economically empowering the majority poor is a poorly disguised way of taking
away good farms from productive commercial farmers and giving them to
There is no doubt that if the farms were really being
used to resettle peasants, the populations in the old communal lands would
have thinned out significantly. As pointed out by none other than Chief
Jonathan Mangwende in Parliament not so long ago, this is not happening at
Contributing to debate on the land issue, Chief Mangwende said:
“The redistribution of land is supposed to ease pressure on the communal
farming areas. But because there is no transparency, that has not been
happening . . . The majority of the people are still in the communal
Now the so-called war veterans have further exposed the
government’s dishonesty over the land issue.
Although we condemn in
the strongest terms their violent seizure of farms and the terror campaign
that goes with it, we nevertheless applaud them for successfully thwarting
attempts by Cabinet ministers and senior government officials to allocate
themselves farms on rich soils in the Marondera area ahead of landless
The war veterans’ vow to prevent government allocating acquired
land for large-scale commercial farming purposes until after the communal
areas have been de-congested is worthy of everyone’s support.
resolve could be vigorously pursued, sooner rather than later, Britain will
release the funds so essential for a successful, orderly resettlement
---------------------------------------------------------------------------- ---- Visiting
Commonwealth ministers aim to set timetable for compliance with Abuja
deal Harare Correspondent
THE UK said last night that Zimbabwe had
still not delivered on commitments it made to end violent invasions of
white-owned farms by supporters of President Robert Mugabe.
British source, speaking ahead of a Commonwealth ministerial visit to Harare
this week, said there had been a "slight lessening" in violence following a
September 6 accord in Abuja, Nigeria, to end the 18-month land crisis in
Zimbabwe. "(But) the key elements, ensuring that the government of Zimbabwe
met its commitments, have not yet been delivered."
British Foreign Office
Minister Valerie Amos will join ministers from six other Commonwealth states
tomorrow and on Friday for a mission which aims to set a timetable for
compliance with the Abuja accord.
Under the deal Zimbabwe agreed to halt
farm invasions in exchange for British and international funds to finance a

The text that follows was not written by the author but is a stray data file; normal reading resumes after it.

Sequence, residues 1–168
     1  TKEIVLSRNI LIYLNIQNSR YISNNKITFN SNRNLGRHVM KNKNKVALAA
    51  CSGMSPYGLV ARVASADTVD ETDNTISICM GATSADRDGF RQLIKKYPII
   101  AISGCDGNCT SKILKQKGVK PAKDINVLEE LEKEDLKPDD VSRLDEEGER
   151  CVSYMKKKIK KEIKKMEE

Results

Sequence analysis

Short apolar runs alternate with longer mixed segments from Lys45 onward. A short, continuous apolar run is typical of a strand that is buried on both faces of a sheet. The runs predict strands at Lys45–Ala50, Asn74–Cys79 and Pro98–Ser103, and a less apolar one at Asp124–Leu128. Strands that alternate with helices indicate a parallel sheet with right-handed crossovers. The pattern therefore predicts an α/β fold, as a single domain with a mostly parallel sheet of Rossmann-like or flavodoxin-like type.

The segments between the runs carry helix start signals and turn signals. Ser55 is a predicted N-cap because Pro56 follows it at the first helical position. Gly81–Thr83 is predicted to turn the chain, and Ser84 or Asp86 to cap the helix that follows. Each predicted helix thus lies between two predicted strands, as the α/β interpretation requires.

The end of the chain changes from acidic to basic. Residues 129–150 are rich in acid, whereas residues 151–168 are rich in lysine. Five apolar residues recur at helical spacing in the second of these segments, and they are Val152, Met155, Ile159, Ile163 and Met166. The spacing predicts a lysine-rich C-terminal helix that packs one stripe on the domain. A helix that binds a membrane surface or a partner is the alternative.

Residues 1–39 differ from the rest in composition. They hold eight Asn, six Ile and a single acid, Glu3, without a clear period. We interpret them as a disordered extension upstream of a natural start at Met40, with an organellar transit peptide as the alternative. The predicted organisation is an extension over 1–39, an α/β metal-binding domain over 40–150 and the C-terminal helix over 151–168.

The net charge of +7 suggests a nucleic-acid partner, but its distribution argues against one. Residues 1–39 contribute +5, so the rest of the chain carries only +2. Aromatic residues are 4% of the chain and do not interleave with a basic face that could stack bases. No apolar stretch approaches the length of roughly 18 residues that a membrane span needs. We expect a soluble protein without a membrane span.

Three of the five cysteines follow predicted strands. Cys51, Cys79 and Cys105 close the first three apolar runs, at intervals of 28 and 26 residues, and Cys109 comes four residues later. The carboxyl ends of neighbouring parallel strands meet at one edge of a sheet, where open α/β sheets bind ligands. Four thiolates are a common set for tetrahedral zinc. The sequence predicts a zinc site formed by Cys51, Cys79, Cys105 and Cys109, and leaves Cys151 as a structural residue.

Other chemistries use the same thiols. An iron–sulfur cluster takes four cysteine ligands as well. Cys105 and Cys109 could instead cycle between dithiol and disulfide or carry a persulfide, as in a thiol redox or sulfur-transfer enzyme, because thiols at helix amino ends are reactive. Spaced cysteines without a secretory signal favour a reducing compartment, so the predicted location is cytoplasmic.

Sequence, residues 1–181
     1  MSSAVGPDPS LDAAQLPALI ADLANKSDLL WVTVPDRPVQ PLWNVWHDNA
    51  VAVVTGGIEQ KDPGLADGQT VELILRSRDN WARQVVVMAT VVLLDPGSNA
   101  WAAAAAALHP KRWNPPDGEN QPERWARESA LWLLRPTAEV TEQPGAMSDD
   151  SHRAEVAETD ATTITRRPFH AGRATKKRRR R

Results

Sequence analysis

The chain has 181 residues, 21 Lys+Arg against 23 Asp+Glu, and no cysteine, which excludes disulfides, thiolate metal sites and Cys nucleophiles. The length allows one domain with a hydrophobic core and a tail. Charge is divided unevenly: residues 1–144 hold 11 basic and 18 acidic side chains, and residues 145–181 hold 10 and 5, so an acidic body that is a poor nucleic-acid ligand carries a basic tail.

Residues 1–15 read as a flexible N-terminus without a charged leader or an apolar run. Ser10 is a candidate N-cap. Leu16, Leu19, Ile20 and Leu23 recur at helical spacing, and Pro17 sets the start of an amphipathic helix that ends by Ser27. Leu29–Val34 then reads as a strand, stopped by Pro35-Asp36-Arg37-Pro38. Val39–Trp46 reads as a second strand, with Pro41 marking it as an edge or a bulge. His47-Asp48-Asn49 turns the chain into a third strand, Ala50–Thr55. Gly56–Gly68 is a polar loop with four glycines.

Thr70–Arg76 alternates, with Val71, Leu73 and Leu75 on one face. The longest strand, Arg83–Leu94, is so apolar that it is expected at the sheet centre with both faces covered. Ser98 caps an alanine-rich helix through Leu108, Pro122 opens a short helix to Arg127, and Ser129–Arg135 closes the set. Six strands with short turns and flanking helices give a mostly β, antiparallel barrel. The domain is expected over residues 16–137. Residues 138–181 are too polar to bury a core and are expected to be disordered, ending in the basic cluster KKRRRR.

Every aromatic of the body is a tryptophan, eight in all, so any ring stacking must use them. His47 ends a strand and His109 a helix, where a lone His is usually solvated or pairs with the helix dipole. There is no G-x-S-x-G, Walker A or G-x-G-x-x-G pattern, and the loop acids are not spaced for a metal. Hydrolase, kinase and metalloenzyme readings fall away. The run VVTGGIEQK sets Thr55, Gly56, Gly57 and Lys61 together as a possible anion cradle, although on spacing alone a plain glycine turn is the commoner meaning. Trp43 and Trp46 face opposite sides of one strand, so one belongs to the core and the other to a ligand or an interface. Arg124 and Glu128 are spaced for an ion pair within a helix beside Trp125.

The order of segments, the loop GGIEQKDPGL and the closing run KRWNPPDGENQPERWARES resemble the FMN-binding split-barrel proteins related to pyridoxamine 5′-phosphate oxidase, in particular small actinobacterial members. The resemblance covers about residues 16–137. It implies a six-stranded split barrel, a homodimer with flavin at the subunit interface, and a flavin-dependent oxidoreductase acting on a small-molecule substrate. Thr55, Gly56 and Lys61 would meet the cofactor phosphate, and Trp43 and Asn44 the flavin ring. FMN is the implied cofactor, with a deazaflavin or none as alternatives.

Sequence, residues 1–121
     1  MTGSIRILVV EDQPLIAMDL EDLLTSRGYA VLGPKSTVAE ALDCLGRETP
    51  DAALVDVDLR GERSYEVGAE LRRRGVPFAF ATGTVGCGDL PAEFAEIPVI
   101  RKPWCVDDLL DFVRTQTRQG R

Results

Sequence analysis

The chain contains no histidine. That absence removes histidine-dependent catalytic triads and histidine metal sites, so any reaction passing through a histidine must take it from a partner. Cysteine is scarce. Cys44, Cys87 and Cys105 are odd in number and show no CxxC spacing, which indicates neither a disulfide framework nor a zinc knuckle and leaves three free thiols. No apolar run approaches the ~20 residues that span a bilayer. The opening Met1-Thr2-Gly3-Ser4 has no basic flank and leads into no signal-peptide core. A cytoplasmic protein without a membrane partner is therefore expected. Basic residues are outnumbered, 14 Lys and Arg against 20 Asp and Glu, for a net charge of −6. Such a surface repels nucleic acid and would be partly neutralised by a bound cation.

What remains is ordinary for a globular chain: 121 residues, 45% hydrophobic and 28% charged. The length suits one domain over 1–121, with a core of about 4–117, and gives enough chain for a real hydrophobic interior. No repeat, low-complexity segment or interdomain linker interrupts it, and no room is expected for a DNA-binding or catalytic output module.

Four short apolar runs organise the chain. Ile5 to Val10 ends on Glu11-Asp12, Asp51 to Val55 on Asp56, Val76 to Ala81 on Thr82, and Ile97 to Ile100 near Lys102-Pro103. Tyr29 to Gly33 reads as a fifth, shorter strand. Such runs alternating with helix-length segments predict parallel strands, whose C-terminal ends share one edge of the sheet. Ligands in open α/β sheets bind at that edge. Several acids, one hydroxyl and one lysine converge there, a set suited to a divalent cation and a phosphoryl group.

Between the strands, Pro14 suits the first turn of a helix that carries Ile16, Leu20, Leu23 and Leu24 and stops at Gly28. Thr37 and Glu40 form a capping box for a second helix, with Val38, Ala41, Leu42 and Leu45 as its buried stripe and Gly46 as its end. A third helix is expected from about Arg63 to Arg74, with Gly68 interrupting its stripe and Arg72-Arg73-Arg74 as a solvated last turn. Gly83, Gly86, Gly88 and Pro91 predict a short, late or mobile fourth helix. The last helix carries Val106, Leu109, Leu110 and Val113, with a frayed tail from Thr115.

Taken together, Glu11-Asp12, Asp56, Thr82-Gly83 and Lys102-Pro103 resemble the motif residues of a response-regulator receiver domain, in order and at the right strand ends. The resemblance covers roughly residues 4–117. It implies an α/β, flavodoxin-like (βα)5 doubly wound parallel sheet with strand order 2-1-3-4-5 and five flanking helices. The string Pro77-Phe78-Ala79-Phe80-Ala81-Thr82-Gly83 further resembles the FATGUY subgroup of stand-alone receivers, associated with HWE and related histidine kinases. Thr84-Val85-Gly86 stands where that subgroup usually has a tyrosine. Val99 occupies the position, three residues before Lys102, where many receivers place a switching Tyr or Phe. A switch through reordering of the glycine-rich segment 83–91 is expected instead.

fair and just land reform programme in the former British colony.
of the outcomes we want to agree on is a monitoring process with time scales
attached to it," the source said. "These are things the government
of Zimbabwe committed to, the UK government committed to and the
international community committed to."
The Commonwealth ministers'
visit comes amid accusations by white commercial farmers that the land crisis
has escalated despite the Abuja agreement, with settlers taking over 700 more
farms. The farmers have also warned that output of key crops could fall 40%
next year, triggering food shortages.
The British source said Amos, the
first British minister to visit Zimbabwe in three years, was travelling with
"no illusions" and with a sense of realism. "We never saw Abuja as an end in
itself, but part of a process," the source said.
Included in the
visiting team will be foreign ministers from Australia, Canada, Jamaica,
Kenya, Nigeria and SA. Commonwealth Secretary-General Don McKinnon and the
United Nations Development Programme head of Africa, Abdulla Jenneh, will
also be part of the trip. The visiting team will meet Zimbabwe's opposition,
farmers, nongovernmental organisations and Foreign Minister Stan
Analysts say Mugabe's ruling Zanu (PF) party has turned to
violence against the opposition Movement for Democratic Change as a central
plank of its strategy for presidential elections which must be held by next
They have suggested Mugabe, who has ruled Zimbabwe since
independence in 1980, brought forward plans to intensify his campaign against
the opposition while international attention was diverted by the September 11
attacks on the US.
"There's been speculation (the attacks) have taken
our eye off the ball. I don't think that's the case," the British source
said. Zimbabwe's southern African neighbours, the European Union and the US
were all following events in Zimbabwe closely.
After heated exchanges
between London and Harare last year the UK sought a lower profile on land
reform and stressed the growing international concern, in an effort to
deflect Mugabe's accusations that London was bullying its former
This week's visit follows a call by Amnesty International that